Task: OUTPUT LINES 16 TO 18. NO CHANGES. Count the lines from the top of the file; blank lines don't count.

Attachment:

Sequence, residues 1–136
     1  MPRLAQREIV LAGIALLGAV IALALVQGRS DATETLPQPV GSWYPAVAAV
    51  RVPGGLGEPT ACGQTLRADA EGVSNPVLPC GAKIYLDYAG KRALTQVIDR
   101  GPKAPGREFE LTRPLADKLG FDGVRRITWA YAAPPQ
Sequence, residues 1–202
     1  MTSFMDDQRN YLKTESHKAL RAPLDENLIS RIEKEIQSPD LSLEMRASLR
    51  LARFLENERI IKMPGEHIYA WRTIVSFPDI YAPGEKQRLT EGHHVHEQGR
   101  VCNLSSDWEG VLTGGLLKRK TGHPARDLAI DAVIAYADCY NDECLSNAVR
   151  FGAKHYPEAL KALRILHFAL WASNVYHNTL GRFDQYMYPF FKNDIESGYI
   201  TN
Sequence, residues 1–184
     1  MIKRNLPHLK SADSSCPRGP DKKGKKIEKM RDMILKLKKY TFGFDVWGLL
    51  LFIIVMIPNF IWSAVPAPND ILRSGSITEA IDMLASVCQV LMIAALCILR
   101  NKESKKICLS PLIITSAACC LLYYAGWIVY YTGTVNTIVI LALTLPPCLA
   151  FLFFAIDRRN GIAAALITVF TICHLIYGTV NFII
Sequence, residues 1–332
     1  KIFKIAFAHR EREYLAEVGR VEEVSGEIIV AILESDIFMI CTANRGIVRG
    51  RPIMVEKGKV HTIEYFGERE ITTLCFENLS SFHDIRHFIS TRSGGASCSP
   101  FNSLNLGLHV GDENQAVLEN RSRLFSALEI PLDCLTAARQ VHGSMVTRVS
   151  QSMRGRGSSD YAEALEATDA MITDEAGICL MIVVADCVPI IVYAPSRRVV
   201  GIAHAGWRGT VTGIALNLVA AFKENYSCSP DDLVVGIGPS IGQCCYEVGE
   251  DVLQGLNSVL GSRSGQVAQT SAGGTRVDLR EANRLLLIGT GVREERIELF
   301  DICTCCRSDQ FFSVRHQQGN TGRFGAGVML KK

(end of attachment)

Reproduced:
Sequence, residues 1–332
     1  KIFKIAFAHR EREYLAEVGR VEEVSGEIIV AILESDIFMI CTANRGIVRG
    51  RPIMVEKGKV HTIEYFGERE ITTLCFENLS SFHDIRHFIS TRSGGASCSP